Stress and the family practitioner – the toll on your family………………
Poorly devised and badly thought through Managed Care Regulations have singularly being responsible for more private practitioners leaving medicine in 2018 than the majority of other causes, according to a number of different fora which have been held during the course of 2017. The multiplicity of Medical Schemes which still provide plans to the industry (currently over 80 schemes with more than 400 sub options) is enough to frighten the bravest heart.
“To have and to hold, in sickness and in health……”
Not only are the Medics negatively affected but also their wives and families.
McCue writing in the New England Journal of medicine asserted that marriages and sexual relationships are often unsatisfactory for physicians and that a doctor's home life can evolve into nothing more than a professional support system with progressive emotional separation from family life in the early years of practice, becoming a factor for divorce later in life.
He also mentions that physicians suicide rates were 3 times higher than the general population and drug addiction up to 100 times more common than in the general population.
Dr Robert London of the New York University Medical Centre commented that to susceptible physicians, the needs of their wife or children seem pedestrian, dwarfed by the need to rescue seriously ill people.Classic Signs of Stress:
We all advise our patients on how to recognise and cope with stress whilst frequently ignoring the clear warning signs in our own bodies.
Just for the fun of it, tick the following chart and mark yourself out of 12:
We all know how to make the diagnosis of stress in our patients and often refer to tension in shoulders, neck, in hands and fists etcetera but how do we deal with it ourselves and how can we change our lives?
One of the things we can do is change our attitude to our practice, our practice style, our business administration, and our highly self-critical level of self-esteem. We spend more than 50% of our life in our practices.
Make the workplace comfortable for you and inviting to your patients. Consider carefully whether or not you have set realistic goals both at home and at work. The benefits of exercise, reading, relaxation, meditation, etc. cannot be overemphasized. Sports groups and hobbies offer you a more rounded life. Eat and Sleep in a well-balanced manner avoiding alcohol and prescription medication wherever possible for stress but rather use deep breathing exercises which can be done anywhere. Remember that should the pressure become too much call a colleague and discuss your problems with him or her.Manage Care and Stress in Family Practice:
Stresses in your practice related to Managed Care will unfortunately not ever go, however exercise your practice autonomy. You do not need to sign every managed care contract which comes your way in the fear that you may not be considered for National Health Insurance when it eventually arrives. Know your practice and its allocated costs, then you can quickly know whether a Managed Care Contract is worthwhile or not. If clients leave your practice because you require cash settlement then so be it. Your accounting fees will drop, your bookkeeping fees will drop, your practice management administration fees will drop, and your income will improve, slowly at first and within 6 months you well never look back.Remember ‘CASH IS KING’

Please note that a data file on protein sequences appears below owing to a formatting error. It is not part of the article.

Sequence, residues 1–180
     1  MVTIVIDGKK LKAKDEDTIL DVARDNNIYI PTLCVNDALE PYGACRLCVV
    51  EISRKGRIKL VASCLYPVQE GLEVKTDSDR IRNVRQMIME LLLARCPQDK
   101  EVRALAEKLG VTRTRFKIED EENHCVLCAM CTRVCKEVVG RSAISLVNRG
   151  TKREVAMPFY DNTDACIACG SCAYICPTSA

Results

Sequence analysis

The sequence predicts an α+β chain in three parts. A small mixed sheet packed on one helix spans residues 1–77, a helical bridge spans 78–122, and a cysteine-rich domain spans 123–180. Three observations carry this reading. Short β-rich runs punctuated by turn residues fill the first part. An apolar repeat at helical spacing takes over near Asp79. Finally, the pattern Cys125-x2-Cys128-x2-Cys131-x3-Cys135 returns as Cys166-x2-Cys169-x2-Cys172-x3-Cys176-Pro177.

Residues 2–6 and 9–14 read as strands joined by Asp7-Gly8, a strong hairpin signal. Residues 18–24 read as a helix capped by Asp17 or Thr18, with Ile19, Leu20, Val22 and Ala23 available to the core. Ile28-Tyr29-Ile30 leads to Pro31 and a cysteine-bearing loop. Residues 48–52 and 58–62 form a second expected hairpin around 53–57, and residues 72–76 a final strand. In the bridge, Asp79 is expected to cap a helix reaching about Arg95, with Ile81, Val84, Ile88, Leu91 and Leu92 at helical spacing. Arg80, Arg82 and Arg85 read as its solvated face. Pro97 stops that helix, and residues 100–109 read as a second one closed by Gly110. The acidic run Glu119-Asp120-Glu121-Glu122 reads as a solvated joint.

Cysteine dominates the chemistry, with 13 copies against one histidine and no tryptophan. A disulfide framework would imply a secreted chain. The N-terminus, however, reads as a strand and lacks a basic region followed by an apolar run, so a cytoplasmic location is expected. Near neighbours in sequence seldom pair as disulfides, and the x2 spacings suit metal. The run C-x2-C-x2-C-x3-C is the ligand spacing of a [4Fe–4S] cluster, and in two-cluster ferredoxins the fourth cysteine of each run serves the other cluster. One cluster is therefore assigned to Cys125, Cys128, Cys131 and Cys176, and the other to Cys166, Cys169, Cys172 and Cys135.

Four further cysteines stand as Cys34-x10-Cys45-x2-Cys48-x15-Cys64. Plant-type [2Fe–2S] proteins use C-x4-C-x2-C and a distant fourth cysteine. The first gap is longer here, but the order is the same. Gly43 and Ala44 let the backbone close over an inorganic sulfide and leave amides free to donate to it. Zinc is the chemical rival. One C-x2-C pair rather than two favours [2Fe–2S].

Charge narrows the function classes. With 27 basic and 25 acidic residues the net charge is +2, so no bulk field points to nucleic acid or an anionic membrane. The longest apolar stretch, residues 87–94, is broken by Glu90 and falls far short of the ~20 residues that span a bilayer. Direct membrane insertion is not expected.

Telemedicine is the latest new source of stress as many up-and-coming entrepreneurs have identified it as an easy way to get doctors to work for the system. The HPCSA is very clear as to how telemedicine and video medicine may work. It does not entail merely contacting a doctor and requesting a telephonic consultation. Telemedicine needs to be booked, has to be between an existing patient and his nominated practitioner, must be inclusive of the knowledge from a previous last consultation and is definitely not something which is open to the general public for a first consultation by anyone.The Promotion of Access to Information as well as the POPI act have stressed many practitioners unnecessarily.
You have to redo your PAIA manual to comply with the POPI Act BUT, the POPI Act is not fully in force yet and only certain aspects have been passed into law. Its regulations are still being debated and once published for comment, you will have a year to comply Certain attorney firms have added to Family Practitioner stress by emphasising the fines and penalties of non-compliance of an act which is not yet full in force and whose regulations are not yet completed. In the interim watch the CPC website and mass emails, ensure that you protect the confidentiality of your patient , their notes and records , at all times. Stress in small doses is good for us all, but 2018 could be a year where you need to learn how to cope better with this necessary evil, as we predict that things will become more stressful before they get better.
Tony Behrman and the QC team
Dr Tony Behrman